Design and Fabrication of Active Bio-hybrid Microsystems for Applications in Biology and Medicine.
My primary research focus is to develop functional micro/nanofabricated systems for fundamental biology and translational medicine applications. My previous research at CWRU included engineering blood vessel mimicking microchannels to investigate blood cell and endothelial wall interactions and developing point-of-care platforms for diagnosis and monitoring of blood disorders. In MPI-IS, I am interested in bio-hybrid mobile microrobotic systems with intelligent control schemes for in-vitro and in-vivo micro-manipulation, biosensing, and drug delivery applications.
PhD: Mechanical and Aerospace Engineering, Case Western Reserve University, OH, USA, 2016
Surface tension gradients induce Marangoni flow, which may be exploited for fluid transport. At the micrometer scale, these surface-driven flows can be more significant than those driven by pressure. By introducing fluid-fluid interfaces on the walls of microfluidic channels, we use surface tension gradients to drive bulk fluid flows. The gradients are specifically induced through thermal energy, exploiting the temperature dependence of a fluid-fluid interface to generate thermocapillary flow. In this report, we provide the design concept for a biocompatible, thermocapillary microchannel capable of being powered by solar irradiation. Using temperature gradients on the order of degrees Celsius per centimeter, we achieve fluid velocities on the order of millimeters per second. Following experimental observations, fluid dynamic models, and numerical simulation, we find that the fluid velocity is linearly proportional to the provided temperature gradient, enabling full control of the fluid flow within the microchannels.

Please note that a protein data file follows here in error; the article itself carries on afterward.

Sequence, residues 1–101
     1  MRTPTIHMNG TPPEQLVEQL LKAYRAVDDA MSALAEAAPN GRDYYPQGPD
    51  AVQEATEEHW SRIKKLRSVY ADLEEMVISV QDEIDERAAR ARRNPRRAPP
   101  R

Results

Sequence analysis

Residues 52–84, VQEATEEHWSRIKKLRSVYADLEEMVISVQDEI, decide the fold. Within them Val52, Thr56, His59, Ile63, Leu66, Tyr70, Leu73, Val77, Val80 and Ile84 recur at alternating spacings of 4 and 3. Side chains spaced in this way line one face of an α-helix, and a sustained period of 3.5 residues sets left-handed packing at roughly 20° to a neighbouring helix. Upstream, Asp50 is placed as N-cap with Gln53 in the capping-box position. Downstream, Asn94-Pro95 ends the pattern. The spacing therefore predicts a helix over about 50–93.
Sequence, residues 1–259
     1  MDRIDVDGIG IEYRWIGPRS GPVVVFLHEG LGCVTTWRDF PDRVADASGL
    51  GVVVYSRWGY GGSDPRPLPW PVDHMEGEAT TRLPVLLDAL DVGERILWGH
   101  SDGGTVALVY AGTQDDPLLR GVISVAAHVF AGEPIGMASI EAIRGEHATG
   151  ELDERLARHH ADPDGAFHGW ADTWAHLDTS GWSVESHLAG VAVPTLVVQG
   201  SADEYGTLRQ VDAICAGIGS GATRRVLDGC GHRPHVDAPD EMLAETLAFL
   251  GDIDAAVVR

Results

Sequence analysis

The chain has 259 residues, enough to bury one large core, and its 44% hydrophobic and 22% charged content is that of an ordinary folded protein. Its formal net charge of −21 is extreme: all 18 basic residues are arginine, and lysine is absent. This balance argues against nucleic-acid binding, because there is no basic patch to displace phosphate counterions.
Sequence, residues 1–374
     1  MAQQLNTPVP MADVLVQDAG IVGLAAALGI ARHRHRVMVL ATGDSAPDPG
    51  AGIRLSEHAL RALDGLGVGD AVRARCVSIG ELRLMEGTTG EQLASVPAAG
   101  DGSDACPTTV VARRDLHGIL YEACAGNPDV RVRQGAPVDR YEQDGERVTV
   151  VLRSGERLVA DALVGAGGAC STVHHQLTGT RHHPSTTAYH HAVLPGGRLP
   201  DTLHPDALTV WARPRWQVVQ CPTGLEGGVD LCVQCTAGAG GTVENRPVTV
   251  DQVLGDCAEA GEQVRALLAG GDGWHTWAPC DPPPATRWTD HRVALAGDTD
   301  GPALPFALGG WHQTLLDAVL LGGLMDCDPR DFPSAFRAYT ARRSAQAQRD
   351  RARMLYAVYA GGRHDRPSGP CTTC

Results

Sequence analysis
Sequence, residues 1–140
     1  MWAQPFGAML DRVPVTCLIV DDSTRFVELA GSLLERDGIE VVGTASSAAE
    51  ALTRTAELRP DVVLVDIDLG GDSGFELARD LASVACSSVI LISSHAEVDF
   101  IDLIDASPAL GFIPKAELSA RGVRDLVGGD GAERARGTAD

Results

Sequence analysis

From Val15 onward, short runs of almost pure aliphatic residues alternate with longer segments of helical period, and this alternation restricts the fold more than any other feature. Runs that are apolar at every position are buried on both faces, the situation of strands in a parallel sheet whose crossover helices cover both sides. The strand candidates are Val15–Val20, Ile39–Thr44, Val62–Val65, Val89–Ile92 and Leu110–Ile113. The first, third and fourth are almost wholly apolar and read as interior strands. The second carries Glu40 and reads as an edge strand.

Kim, M., Alapan, Y., Adhikari, A., Little, J. A., Gurkan, U. A.
Microcirculation, 24(5):e12374, July 2017 (article)
Abstract Objectives The advancement of microfluidic technology has facilitated the simulation of physiological conditions of the microcirculation, such as oxygen tension, fluid flow, and shear stress in these devices. Here, we present a micro‐gas exchanger integrated with microfluidics to study RBC adhesion under hypoxic flow conditions mimicking postcapillary venules. Methods We simulated a range of physiological conditions and explored RBC adhesion to endothelial or subendothelial components (FN or LN). Blood samples were injected into microchannels at normoxic or hypoxic physiological flow conditions. Quantitative evaluation of RBC adhesion was performed on 35 subjects with homozygous SCD. Results Significant heterogeneity in RBC adherence response to hypoxia was seen among SCD patients. RBCs from a HEA population showed a significantly greater increase in adhesion compared to RBCs from a HNA population, for both FN and LN. Conclusions The approach presented here enabled the control of oxygen tension in blood during microscale flow and the quantification of RBC adhesion in a cost‐efficient and patient‐specific manner. We identified a unique patient population in which RBCs showed enhanced adhesion in hypoxia in vitro. Clinical correlates suggest a more severe clinical phenotype in this subgroup.
Our goal is to understand the principles of Perception, Action and Learning in autonomous systems that successfully interact with complex environments and to use this understanding to design future systems